Tens of thousands participated in nationwide protests across France on Saturday to demonstrate against police violence. The protests were organized in response to the killing of a teenager by a police officer during a traffic check three months ago, which had sparked riots across the country. In Paris, clashes broke out on the margins of the rally, with demonstrators of all ages holding placards denouncing state violence and demanding justice.
The protests specifically targeted article 435-1 of the Internal Security Code, introduced in 2017, which grants authorities greater leeway to use firearms when a suspect refuses to comply. Unions estimated that around 80,000 people participated in the protests nationwide, including 15,000 in Paris. However, the Interior Ministry reported lower numbers, stating that approximately 31,300 people protested across the country, with 9,000 in Paris.
During the march in Paris, a group of hooded individuals wearing black broke away from the main demonstration and engaged in acts of violence. They attacked a bank branch, smashed its windows, and targeted a police car stuck in traffic. The car was reportedly attacked with a crowbar, leading anti-riot officers to intervene. The government condemned the violence, describing it as unacceptable.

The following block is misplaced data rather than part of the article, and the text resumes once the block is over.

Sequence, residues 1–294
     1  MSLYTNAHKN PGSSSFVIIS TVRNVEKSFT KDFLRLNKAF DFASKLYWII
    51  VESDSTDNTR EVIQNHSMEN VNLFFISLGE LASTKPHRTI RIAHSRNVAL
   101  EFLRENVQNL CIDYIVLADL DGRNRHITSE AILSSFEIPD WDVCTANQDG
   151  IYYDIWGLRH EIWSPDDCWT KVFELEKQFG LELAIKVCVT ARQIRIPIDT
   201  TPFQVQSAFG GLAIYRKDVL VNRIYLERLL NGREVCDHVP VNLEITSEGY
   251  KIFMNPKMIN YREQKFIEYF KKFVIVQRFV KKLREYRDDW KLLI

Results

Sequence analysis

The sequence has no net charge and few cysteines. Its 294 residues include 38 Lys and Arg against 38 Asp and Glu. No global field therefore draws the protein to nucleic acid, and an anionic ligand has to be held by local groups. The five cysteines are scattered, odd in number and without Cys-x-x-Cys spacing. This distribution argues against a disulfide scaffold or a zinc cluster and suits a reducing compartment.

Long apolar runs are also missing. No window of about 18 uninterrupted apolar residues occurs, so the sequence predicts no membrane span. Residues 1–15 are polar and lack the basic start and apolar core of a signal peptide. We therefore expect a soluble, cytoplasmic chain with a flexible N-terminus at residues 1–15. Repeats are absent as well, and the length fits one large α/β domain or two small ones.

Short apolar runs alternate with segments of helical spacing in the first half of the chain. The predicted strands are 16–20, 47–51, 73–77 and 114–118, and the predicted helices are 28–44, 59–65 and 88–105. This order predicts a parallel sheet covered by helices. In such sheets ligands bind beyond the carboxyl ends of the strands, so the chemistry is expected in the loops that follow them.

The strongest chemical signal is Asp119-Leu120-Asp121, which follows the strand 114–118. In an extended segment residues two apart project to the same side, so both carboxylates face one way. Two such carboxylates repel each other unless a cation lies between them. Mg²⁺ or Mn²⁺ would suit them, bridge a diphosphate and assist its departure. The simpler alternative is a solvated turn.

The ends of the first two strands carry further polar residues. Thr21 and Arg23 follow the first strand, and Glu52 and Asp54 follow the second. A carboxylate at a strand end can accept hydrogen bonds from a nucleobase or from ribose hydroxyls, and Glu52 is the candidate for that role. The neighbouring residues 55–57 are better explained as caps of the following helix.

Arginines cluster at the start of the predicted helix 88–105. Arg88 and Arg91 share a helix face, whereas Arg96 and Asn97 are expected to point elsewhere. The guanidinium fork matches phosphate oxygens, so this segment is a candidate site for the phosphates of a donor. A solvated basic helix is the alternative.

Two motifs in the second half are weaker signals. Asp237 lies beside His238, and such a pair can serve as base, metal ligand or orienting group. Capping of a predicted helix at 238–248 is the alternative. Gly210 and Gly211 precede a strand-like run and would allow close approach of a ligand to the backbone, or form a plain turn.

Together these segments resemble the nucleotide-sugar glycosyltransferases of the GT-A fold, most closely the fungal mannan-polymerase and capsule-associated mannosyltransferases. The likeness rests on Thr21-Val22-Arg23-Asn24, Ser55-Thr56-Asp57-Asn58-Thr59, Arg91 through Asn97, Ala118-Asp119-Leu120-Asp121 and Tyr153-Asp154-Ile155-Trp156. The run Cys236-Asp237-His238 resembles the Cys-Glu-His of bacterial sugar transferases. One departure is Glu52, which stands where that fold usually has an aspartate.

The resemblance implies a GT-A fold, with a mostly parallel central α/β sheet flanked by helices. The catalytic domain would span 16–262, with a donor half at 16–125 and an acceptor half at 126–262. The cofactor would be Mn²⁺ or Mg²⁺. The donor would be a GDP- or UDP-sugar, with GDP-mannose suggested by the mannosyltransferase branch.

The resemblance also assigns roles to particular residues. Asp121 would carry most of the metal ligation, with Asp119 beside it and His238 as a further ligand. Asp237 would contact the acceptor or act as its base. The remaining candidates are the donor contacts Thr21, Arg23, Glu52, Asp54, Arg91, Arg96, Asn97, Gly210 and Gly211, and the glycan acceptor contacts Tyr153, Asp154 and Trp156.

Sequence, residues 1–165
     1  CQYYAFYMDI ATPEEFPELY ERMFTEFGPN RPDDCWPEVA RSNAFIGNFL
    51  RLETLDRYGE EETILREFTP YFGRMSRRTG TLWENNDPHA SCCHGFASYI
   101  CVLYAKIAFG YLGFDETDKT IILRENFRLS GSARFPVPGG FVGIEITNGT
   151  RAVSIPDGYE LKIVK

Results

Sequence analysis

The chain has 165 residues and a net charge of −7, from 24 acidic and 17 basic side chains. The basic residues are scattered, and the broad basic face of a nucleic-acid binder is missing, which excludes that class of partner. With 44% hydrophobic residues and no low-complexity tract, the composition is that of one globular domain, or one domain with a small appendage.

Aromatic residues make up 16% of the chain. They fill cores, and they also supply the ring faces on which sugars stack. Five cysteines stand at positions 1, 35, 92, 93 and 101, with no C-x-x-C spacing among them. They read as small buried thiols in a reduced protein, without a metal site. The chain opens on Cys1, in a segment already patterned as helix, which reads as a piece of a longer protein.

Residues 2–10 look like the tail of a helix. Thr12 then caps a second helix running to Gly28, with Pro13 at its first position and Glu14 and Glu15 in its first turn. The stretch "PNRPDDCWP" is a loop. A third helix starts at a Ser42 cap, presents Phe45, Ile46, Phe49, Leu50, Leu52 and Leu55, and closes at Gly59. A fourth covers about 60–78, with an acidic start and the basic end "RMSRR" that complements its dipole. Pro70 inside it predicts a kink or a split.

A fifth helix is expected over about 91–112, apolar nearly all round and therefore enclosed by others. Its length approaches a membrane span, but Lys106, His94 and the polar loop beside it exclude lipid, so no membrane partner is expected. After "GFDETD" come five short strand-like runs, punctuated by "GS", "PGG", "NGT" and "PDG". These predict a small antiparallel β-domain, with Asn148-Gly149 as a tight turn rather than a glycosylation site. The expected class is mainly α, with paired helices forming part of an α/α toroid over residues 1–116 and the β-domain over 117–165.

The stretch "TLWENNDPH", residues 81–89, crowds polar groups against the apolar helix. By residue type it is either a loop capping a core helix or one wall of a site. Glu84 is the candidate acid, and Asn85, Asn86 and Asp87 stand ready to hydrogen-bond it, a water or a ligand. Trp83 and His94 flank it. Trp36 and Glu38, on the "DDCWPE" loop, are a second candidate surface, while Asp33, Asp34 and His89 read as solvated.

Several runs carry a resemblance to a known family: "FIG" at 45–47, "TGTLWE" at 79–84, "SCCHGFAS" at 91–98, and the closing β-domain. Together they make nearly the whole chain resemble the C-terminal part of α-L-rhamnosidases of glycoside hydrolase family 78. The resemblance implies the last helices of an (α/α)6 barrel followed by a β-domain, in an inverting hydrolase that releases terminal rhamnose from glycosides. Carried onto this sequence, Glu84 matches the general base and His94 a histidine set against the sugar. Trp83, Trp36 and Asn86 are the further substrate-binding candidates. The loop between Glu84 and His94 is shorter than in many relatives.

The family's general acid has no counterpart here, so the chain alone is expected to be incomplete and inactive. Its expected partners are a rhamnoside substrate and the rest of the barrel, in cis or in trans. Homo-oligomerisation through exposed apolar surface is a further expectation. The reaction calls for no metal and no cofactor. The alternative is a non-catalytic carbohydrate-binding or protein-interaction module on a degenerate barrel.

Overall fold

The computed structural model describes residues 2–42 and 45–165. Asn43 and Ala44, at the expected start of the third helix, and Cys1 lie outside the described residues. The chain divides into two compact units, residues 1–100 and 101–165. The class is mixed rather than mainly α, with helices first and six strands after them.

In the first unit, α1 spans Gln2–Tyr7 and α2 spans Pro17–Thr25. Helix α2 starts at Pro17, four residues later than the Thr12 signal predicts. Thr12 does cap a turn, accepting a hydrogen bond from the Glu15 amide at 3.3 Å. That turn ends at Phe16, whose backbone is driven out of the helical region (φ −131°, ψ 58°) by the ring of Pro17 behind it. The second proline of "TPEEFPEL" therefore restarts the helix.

Among the protesters in the city of Lille was Mohamed Leknoun, whose brother Amine was killed in August 2022 after refusing to obey police orders. Mohamed expressed his frustration with the lack of progress in the investigation, as the police officer responsible for the fatal shooting had been indicted but no further updates had been provided.
The clashes and acts of violence on the margins of the protests highlight the ongoing tensions surrounding police violence in France. The demonstrations aim to draw attention to the issue and demand accountability for cases of excessive force.